When Chicago gas utility company Peoples Gas embarked on a 30-year infrastructure project in 2011 to replace 2,000 miles of aging iron pipes, it found itself short-staffed. The Utility Workers Union of America Local 18007 was also short on members. Then-business manager Rick Passarelli saw a win-win solution.
“I had a good relationship with the (Peoples Gas) CEO. We met several times, and he’s a U.S. Navy veteran,” recalls Passarelli, who served in the Navy from 1982 to 1987. “I said, ‘How about helping veterans from Afghanistan and Iraq?’” The Utility Workers Military Assistance Program (UMAP) was born.
The public-private partnership brought together the city of Chicago, Peoples Gas, and the union. UMAP is a free seven-month program for military veterans that combines classroom learning and a hands-on internship that is a feeder program to full-time employment with Peoples Gas.
The classroom instruction is 52 college credit hours which are completed in six months. It includes two months of soft skills, math for technicians, speech writing, anger management classes and four months of gas-specific, intense, focused work.
When completed, UMAP participants are eight credit hours shy of an associate in science degree. Then-mayor Rahm Emanuel suggested UMAP utilize space in city community college, Kennedy-King College Dawson Technical Institute, in essence, building a school within a school.
“I had a personal stake in this program,” says Passarelli, now the UMAP program director. “I served two tours, made it out alive and promised myself I would help the veteran community. I would try to find a way to build something. It’s personal in nature, and it’s the right thing to do for our veterans.”
UMAP Provides Learning Opportunities and Wraparound Services
Joe Tischina sat in UMAP’s first cohort when he returned from Okinawa, Japan after serving four years in the Marine Corps back in 2014. But he didn’t join the program until a few years later.
“I had gone through other programs in the city where they offered an opportunity and never delivered on their promises,” Tischina says. “I was in school, working a job on the side, and to have to go six months with no pay was just something I couldn’t do at the time financially. I was trying to raise a baby girl…it wasn’t a realistic opportunity for me.”
But Tischina says he heard such positive chatter from fellow veterans when he would see them at the VFW, American Legion, and veterans’ hospital that he joined the sixth cohort.
The additional services that come with UMAP can also help participants in situations like Tischina, such as gas cards, childcare, and food vouchers.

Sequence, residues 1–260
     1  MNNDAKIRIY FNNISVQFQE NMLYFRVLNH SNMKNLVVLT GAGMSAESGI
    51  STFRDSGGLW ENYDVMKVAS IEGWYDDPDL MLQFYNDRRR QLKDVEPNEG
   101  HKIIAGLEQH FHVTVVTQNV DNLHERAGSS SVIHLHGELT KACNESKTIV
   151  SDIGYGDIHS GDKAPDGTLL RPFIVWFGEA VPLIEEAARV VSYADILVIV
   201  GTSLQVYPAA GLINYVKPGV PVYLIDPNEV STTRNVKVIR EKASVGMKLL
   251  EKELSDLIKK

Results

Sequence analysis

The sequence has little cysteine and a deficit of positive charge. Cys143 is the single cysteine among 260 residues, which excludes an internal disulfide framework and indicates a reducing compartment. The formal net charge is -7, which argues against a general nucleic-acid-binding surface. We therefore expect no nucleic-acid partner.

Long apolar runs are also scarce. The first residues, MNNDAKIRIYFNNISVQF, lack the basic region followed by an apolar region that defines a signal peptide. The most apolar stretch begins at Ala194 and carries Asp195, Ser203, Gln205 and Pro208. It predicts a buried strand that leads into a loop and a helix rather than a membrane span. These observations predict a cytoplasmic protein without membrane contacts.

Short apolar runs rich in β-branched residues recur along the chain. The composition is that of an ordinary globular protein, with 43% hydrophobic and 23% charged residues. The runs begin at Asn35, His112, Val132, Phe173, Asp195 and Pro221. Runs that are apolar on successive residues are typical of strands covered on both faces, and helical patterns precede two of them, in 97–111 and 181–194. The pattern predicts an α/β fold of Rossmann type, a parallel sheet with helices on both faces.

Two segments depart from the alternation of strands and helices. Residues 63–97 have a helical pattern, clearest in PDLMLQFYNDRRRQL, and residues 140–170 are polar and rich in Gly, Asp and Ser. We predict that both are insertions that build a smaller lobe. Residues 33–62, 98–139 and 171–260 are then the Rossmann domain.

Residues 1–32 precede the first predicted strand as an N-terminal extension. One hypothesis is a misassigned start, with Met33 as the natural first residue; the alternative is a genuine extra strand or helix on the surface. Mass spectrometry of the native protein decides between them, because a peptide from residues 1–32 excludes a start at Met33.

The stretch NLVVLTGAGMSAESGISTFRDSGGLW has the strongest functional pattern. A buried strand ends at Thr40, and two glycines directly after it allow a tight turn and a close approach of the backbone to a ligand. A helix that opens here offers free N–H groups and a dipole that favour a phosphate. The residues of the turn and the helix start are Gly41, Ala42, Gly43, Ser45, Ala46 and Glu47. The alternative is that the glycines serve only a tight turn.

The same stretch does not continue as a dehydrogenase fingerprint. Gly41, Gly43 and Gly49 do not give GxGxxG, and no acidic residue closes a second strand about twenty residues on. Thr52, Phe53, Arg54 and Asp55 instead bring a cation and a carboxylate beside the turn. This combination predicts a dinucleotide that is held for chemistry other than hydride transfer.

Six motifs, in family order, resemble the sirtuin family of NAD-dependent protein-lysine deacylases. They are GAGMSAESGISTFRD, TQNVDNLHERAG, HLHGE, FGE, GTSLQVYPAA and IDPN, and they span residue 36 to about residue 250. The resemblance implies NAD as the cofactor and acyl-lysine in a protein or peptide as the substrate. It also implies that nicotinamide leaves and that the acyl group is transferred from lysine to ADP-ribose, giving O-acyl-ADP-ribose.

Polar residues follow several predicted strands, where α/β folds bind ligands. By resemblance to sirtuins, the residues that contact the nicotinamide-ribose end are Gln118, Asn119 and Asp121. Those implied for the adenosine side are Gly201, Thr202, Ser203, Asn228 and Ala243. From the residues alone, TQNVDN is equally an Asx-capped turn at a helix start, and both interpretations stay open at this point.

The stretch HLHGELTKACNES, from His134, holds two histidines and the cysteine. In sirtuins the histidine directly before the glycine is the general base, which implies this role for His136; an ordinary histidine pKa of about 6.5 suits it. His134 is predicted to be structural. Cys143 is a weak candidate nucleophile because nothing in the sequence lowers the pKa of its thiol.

“Our candidates can focus on their studies and not worry about all those things that come up when they go to school,” Passarelli says. “They’re not paid by the employer when they start. We built the program so the candidate has some skin in the game. But we do have federal rapid response dollars for students…they can apply for benefits and draw dollars to put money in their pocket.”
After completing the classroom instruction, participants enter into a one month, paid internship for hands-on experience. It also helps the company evaluate whether remedial work is still needed. An offer letter for full-time job as a utility worker usually comes during the internship.
The career path leads to a journeyman role, which typically it can take up to seven years. Tischina accomplished it in five. He serves as a mentor as new cohorts join the program and as the union representative for his shop.
“I went from $20 an hour to $40 an hour. My family at one point was unsure of our next meals. Some of us were living here and there, staying on couches at one period of time,” he says. “Now I have a home, two vehicles. My son has special needs and he needs to see a therapist. I don’t have to worry about how to pay for that. I’m back in control of my life.”
A Proven Program Expands
The UMAP program has expanded to Michigan (partnership with Consumers Energy), Southern California (partnership with SoCal Gas starts in August) and Camden, New Jersey (partnership with American Water later this year). Passarelli says the education and skills the participants learn are transferrable, if they end up not being able to accept a job with the signatory employer. If they have to move, for example.
To date, 500 UMAP graduates in Chicago and 200 in Michigan have been placed in jobs. The most recent cohort in Chicago was an all-female one.
“Our classes at least 70% diverse. We’re really proud of that. We’re way ahead of the hiring average for employers, who can’t believe the work we’re doing,” he says. “They were having a real hard time recruiting African Americans and females into the program and it’s a no brainer for us because in the military, we represent the makeup of the entire country.”
But the part of the program that brings Passarelli the most pride isn’t the graduation rate or how many veterans get jobs.
“Veteran suicide is a major problem in our community. This is life-saving work. A lot of folks come back home and don’t feel whole. They get into a dominant spiral of drugs and alcohol. They don’t fit into civilian society and norms. Being a part of a team again makes veterans feel whole,” he says.
“We provide all of the pieces. Women sexual trauma is at an all-time high. We set up women to talk to female veterans who went through the program. The woman-to-woman conversation is so successful. That is what success looks like.”
“Veterans aren’t looking for a handout. We’re looking for a hand up,” Tischina says, sharing a quote he credits to Passarelli. “That’s exactly what this is. It saved my life, my family’s life and so many other’s lives.”